In the 1975 International Anesthesia Clinics Jose Usubiaga 6 presented the first report of epidural hematomas after epidural anesthesia. Usubiaga, an Argentinian anesthetist who retrained in the United States, was an early proponent of epidural anesthesia. In his report he reviewed case series throughout the world on epidural anesthesia and found eight patients with epidural hematomas among an estimated 750,000 patients. Four of these 8 has been treated postepidural with intravenous heparin and 3 had a traumatic, bloody tap; only a single patient was without either of these risk factors.
The next, most current review of epidural hematomas after spinal or general anesthesia was published in 1994 by Vandermeulen and coworkers. 7 In this review, compiled from cases from the National Library of Medicine MEDLINE system and by “previously published journal reviews and large case series,” 61 published cases were found of an epidural hematoma after a spinal or epidural anesthetic. Of these 61 cases, 46 followed an epidural anesthestic and 15 followed a spinal anesthestic. Of the 61 patients, 42 had “impaired coagulation” sometime during their therapy. Heparin was seen in 30 of 42, and the other 12 cases had other “medical conditions” such as aspirin, ticlodipine or urokinase therapy along with history of thrombocytopenia or alcohol abuse. Of the 19 cases in which there were no clotting risk factors, 4 were traumatic, 3 involved spinal tumors, and 1 was an omphalocele repair in a very ill neonatal patient.
The authors stated that 15 of the 61 epidural hematomas occurred after a bloody tap and another 15 occurred after a difficult insertion. Nearly 87% (53/61) epidural hematomas occurred after either a bloody insertion or a traumatic insertion or when the patient had some type of anticoagulation; 20 of the 61 reported epidural hematomas had both a difficult, bloody tap and were treated with an anticoagulant.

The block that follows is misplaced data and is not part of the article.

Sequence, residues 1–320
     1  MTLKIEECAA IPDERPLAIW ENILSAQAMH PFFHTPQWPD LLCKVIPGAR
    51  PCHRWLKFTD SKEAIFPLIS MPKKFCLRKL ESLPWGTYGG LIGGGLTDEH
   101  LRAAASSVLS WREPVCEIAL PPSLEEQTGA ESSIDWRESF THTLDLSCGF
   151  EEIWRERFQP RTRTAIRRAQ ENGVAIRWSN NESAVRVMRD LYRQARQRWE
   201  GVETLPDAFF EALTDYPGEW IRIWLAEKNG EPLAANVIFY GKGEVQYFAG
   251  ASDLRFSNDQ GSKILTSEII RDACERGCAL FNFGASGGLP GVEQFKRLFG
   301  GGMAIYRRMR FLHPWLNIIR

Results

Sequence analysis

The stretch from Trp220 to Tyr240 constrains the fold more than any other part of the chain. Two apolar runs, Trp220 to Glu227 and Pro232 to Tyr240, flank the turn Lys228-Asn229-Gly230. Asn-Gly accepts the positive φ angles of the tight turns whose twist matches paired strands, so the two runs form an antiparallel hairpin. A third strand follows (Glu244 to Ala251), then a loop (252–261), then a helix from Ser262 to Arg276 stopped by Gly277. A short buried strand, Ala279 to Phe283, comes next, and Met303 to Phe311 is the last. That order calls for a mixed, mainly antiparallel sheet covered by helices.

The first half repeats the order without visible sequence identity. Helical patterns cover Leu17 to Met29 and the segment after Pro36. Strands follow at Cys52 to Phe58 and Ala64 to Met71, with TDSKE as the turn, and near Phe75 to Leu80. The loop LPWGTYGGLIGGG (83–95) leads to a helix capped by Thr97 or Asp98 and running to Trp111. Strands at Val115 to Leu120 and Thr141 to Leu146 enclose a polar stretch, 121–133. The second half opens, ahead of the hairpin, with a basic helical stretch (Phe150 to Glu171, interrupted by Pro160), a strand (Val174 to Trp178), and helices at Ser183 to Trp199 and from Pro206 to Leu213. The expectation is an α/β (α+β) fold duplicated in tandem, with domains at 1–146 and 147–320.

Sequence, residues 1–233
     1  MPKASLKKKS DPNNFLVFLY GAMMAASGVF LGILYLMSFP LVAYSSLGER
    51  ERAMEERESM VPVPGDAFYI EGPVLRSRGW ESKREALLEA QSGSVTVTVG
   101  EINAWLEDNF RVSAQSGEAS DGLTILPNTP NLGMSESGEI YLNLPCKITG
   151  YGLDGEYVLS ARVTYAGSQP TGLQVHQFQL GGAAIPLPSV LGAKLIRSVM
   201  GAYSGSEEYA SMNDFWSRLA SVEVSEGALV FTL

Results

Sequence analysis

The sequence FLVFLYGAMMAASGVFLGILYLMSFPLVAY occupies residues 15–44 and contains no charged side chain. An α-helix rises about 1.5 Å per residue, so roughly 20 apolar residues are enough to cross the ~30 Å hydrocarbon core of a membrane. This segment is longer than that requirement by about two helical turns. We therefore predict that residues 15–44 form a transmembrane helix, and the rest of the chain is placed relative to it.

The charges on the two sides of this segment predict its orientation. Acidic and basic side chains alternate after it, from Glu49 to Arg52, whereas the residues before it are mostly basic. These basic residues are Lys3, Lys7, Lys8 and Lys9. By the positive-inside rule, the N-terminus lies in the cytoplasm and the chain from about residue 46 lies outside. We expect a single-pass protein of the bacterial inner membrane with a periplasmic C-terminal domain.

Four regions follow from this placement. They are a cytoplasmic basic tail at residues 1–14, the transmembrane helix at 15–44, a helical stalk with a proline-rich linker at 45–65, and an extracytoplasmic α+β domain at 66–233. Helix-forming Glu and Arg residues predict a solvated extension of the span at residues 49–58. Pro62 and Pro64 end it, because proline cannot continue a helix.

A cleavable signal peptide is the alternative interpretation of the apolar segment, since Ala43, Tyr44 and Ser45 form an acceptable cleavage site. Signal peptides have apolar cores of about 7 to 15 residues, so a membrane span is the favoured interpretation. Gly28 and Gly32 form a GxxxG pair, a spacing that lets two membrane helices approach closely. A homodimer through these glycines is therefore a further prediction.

This review offers insight into the signs and symptoms of an epidural hematoma, the time course of onset of symptoms, and the importance of rapid decompression. In 15 patients, the onset of the hematoma occurred after removal of a catheter. Muscle weakness was the first sign in 28 of 61 patients, back pain in 23, and sensory deficit in 9. Paraplegia was recorded to occur within 14.5 ± 3.7 hours after ending of the anesthetic. Surgical decompression occurred in only 38 patients with epidural hematomas, and the most successful recovery occurred in patients in whom surgical intervention was performed in less than 8 hours.
As of 1994, patients in whom an epidural hematoma developed after a spinal or epidural anesthetic could be expected to have a bloody, difficult tap or to have had perioperative anticoagulant treatment. Vandermeulen and colleagues reported only 3 patients who had been exposed to fractionated or low-molecular-weight heparin (LMWH) in whom an epidural hematoma developed. These data, however, were to change.
The Low-Molecular-Weight Heparin Story
Standard heparin is a heterogenous long-chained sugar molecule containing 40–50 sugar moieties with a molecular weight of 12,000–15,000. It has a high protein-binding property (and hence is difficult to predict how an individual patient will react). Standard heparin acts mainly by binding and activating a serum protein molecule called antithrombin III such that the heparin-antithrombin III complex binds several serine proteases in the coagulation cascade. Although this complex has the strongest avidity for thrombin, it also binds the factors IXa, Xa, XIa, and XIIa. Standard heparin also has strong platelet inhibitory properties. This heparin will elevate standard laboratory tests of the PTT and PT. 17
Fractionated or LMWH is either chemically or enzymatically cleaved such that the molecular weight of this substance is from 4000–6500 d with from 13–22 sugar units. LMWH has little protein binding, is mainly cleared by the kidney, and has very little antithrombin III activity. Instead, it has a very active factor Xa binding and does not increase the standard tests (PTT) of heparin activity. It has shown to be more effective in prophylaxis for deep venous thrombosis than any other anticoagulation treatment for total knee replacement and as efficacious as in prophylaxis for total hip surgery and major trauma. 17
LMWH rapidly became associated with case reports of epidural hematomas. In the last systematic review of these reports in 1998, 18,19 52 cases of epidural hematomas after spinal or epidural anesthesia have been associated with administration of LMWH. Twelve have been reported in Europe, 19 and 40 have been reported with the U.S. Food and Drug Administration Med Watch program. 18
Of these 52 cases, 34 have been from epidural placements, 14 from spinal attempts, and 4 from a source not specified in the report. Of the 12 patients from Europe, 6 received other anticoagulants that impact platelet function (aspirin, ketorolac) and 5 were noted to have involved difficult placements or bloody placements.